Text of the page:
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Parents become teachers overnight in St. Louis area schools

April 10, 2020

It’s hard enough for parents who are suddenly in charge of their kid’s education at home. Even harder when that education is in a language they don’t necessarily speak.

By Blythe Bernhard

St. Louis Post-Dispatch 

Millions of parents started new jobs last month — as substitute teachers.

When schools shut down in mid-March to help prevent the spread of the coronavirus, parents were thrust into homeschooling and teachers became online instructors overnight.

 

School leaders scrambled to figure out how to educate students entirely outside of classrooms.

 

“As a school you want to be a community anchor, and it’s hard to do that when everybody’s spread out,” said Meghan Hill, executive director of the St. Louis Language Immersion School. “But it’s bringing people together in a different way.”

 

A major obstacle for some is technology.

Districts including St. Louis Public Schools have surveyed families about their technology needs and started passing out tablets and laptops to students. About 14% of children nationwide lack internet access at home, according to the U.S. Department of Education. In St. Louis, 22% of families lack internet service. Some districts have outfitted school buses with Wi-Fi hot spots and sent them into neighborhoods, or told families they can use schools’ Wi-Fi connections from their parking lots.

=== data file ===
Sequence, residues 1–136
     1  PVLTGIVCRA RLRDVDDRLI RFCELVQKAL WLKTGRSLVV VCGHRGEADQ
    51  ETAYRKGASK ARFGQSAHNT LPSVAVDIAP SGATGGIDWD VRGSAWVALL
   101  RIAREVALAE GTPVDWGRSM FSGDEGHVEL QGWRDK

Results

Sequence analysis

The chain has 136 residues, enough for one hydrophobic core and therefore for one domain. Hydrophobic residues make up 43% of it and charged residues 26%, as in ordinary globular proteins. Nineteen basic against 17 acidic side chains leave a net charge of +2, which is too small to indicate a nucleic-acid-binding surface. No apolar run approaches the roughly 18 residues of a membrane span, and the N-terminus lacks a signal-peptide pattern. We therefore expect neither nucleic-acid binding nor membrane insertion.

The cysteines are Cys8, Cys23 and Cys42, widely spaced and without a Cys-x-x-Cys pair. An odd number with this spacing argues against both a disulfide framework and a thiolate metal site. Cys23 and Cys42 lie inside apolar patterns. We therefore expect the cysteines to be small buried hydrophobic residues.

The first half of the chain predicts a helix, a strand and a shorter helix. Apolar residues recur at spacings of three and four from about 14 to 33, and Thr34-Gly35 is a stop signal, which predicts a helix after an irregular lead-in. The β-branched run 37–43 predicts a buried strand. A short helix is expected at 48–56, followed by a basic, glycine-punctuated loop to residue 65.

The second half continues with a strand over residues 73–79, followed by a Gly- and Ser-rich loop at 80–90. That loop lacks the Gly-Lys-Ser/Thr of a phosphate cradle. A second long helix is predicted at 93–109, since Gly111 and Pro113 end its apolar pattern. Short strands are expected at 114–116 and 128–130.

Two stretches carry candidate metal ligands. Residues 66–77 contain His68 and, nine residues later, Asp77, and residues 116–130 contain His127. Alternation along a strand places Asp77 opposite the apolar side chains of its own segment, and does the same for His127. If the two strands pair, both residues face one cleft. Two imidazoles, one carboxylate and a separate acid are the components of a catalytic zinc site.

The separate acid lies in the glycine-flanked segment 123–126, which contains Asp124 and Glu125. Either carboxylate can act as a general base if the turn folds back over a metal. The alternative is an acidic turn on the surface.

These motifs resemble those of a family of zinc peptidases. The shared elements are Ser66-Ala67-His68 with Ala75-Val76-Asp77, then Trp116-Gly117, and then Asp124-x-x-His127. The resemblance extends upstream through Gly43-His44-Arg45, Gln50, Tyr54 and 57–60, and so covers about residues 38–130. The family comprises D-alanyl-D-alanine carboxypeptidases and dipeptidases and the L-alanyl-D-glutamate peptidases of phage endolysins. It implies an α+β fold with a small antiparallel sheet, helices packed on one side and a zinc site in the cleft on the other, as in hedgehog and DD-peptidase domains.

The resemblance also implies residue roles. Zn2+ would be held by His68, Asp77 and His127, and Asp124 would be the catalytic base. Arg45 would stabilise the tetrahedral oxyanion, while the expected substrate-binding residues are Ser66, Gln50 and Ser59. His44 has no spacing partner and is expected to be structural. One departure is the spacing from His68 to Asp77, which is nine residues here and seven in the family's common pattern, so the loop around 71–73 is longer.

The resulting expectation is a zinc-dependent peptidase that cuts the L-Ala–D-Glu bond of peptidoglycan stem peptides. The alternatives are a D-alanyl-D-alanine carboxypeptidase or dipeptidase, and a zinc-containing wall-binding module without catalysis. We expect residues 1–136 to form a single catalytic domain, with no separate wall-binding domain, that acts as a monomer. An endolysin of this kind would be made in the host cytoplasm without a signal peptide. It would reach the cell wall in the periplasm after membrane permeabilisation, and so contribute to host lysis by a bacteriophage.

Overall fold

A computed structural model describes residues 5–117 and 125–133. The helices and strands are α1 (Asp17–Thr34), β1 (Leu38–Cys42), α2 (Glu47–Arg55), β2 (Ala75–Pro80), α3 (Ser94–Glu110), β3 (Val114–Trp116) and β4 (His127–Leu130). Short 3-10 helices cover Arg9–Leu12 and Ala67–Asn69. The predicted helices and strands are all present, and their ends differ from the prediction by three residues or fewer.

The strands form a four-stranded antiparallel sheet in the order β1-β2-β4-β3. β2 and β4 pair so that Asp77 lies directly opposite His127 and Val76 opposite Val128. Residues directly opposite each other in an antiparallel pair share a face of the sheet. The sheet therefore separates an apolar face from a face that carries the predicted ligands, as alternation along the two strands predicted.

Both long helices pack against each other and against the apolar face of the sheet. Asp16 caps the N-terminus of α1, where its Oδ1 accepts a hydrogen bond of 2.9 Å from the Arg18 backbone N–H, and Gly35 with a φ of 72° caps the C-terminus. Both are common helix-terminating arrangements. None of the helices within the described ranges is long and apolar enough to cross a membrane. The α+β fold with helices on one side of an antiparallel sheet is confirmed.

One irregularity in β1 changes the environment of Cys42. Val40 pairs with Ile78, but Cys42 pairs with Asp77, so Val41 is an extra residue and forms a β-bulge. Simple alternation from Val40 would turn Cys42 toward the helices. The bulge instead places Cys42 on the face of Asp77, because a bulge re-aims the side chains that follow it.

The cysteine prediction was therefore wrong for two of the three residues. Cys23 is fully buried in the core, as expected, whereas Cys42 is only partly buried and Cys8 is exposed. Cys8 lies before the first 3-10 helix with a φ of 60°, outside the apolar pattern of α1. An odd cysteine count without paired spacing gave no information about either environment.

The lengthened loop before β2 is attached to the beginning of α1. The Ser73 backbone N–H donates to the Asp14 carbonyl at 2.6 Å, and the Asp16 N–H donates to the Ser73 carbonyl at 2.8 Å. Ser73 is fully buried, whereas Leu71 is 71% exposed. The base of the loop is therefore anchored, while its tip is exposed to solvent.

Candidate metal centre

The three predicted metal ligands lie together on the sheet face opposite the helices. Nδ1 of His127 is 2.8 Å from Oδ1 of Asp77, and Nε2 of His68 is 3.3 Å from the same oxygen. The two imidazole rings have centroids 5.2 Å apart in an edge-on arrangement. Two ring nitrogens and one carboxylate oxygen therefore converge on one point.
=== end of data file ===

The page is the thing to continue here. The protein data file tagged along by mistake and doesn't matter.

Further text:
The same teaching strategies that work in the brick-and-mortar classroom can work online, said Keeta Holmes, director of the Center for Teaching and Learning at University of Missouri-St. Louis. Create a safe space where students feel comfortable and like they aren’t a guest. Let them show off their family pets or favorite toys, she said.

Please read more here.

One Comment leave one →
  1. Ehren Schwiebert permalink
    April 28, 2020 1:00 pm

    This needs more coverage and discussion. I am an English-speaking (non-Chinese-speaking/reading/writing) parent of a 3rd grader in a dual-language MIP in Portland, Oregon. Classes have resumed and we are into week 3 of distance/online schooling from home. Our daughter’s Mandarin Immersion Program classes now consist of two 30-minute all-class sessions per week with the Chinese teacher, two 30-minute all-class sessions per week with the English teacher, and one 30-minute small group session with each of the teachers. I’m doing my best to keep her up to speed, but it’s definitely a stretch to call it “immersion” since she’s only hearing it for 90 minutes a week online instead of 3+ hours a day she had in person.

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